The Rashomon Effect: Contradicting Interpretations

Pages: 6 (1628 words) Published: October 26, 2014
The Rashomon effect is contradictory interpretations of the same event by different people. The phrase derives from the movie Rashomon, where four witnesses' accounts of a rape and murder are all different. Contents [hide]

1 Beginning
2 Use in a plot
3 Use in cinema
4 Use in TV
5 See also
6 References
Beginning[edit]
The idea of contradicting interpretations has been around for a long time and has implications to ethics in journalism. It is studied in the context of understanding the nature of truth(s) and truth-telling in journalism. Valerie Alia has used the term "Rashomon effect" extensively since the late 1970s. She first published the term in an essay on the politics of journalism for Theaterwork Magazine in 1982. She further developed and used the term in her books, Media Ethics and Social Change,[1] and in a chapter of Deadlines and Diversity: Journalism Ethics in a Changing World,[2] which she authored; the book was co-edited by Valerie Alia, Brian Brennan and Barry Hoffmaster. A useful demonstration of this principle in scientific understanding can be found in Karl G. Heider's work on ethnography.[3] Heider used the term to refer to the effect of the subjectivity of perception on recollection, by which observers of an event are able to produce substantially different but equally plausible accounts of it. It is named for Akira Kurosawa's film Rashomon, in which a crime witnessed by four individuals is described in four mutually contradictory ways.[4] Plot in books, films and other media may also be developed and described to use this as an underlying idea. Use in a plot[edit]

In Night of January 16th, two different interpretations of Bjorn Faulkner and his murder are presented, leaving the audience to pass a verdict in the end. The musical play Jersey Boys presents the story of American rock band The Four Seasons from the points of view of the original members. The contradicting stories of Bob Gaudio, Frankie Valli, and Tommy DeVito create a Rashomon effect. Use in cinema[edit]

FilmComments
The OutrageA 1964 remake done as a Western starring Edward G. Robinson, Paul Newman, Laurence Harvey, Claire Bloom and William Shatner. YavanikaThe 1982 Malayalam mystery thriller film explores backstage drama of a traveling drama group. The plot is structured around the search for an unpopular tabla player of the troupe who suddenly disappears Andha NaalThe Tamil film was inspired by the Kurosawa film. However, in contrast to Rashomon, the film's climax provides a solution to the murder using an Indian proverb as a vital clue Ghost DogLouie and Ghost Dog have different accounts of the circumstances of their meeting, and the book Rashomon is featured in the film. The Woman in QuestionFive people give different accounts of the same incidents that took place before a murder. Though a perfect Rashomon Effect is not achieved, the film tries to depict how the narration by one person can entirely window-dress facts, revealed only by another's narration. HeroThe film relates the different accounts of how the protagonist, the Nameless swordsman, killed three of the Qin emperor's assassins and is allowed to dine close to him as a reward. The story then reveals the three assassins' deaths as apparent sacrifices to let the Nameless swordsman, who is also intending to kill the emperor, to get within striking range of the emperor. Hoodwinked!The film is an animated re-telling of the classic Little Red Riding Hood story. In this story, everyone - Red Puckett, Granny Puckett, the Wolf and the Woodsman, tells the police their view of what really happened in regards to the events in question. To help this, the story opens in medias res. VirumaandiThe Tamil film written and directed by, and starring Kamal Haasan. The film revolves around two criminals, Virumaandi (Kamal Haasan) and Kothala Thevar (Pasupathy), being interviewed. They express how they feel about the direction their lives have taken and how they have ended up...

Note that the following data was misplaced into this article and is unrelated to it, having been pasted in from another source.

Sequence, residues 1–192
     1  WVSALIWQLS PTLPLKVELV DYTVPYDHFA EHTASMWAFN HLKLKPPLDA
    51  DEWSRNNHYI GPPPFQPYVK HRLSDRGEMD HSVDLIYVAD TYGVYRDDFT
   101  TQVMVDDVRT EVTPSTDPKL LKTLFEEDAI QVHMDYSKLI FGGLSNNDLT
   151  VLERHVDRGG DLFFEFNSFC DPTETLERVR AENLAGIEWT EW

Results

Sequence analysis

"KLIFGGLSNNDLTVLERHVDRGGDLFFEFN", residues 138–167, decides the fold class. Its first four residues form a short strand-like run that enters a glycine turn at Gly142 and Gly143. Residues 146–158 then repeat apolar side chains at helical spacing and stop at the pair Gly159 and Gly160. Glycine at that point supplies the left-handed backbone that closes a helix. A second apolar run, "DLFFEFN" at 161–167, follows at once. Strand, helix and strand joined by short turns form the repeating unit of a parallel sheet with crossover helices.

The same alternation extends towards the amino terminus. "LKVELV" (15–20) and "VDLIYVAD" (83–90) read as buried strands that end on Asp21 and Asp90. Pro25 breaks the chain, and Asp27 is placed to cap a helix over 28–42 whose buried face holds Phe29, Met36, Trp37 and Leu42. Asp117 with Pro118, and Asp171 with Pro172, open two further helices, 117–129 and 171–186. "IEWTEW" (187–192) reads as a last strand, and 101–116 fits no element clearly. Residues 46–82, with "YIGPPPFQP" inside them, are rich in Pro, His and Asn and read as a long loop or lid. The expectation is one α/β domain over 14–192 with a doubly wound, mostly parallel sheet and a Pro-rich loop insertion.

References: ER "Four Corners" A day in the life of the ER is shown from the perspective of four different individuals. Aired Thursday 10:00 PM Sep 27, 2001 on NBC
Fame Under a theater marquee, two characters huddle to wait out a rainstorm
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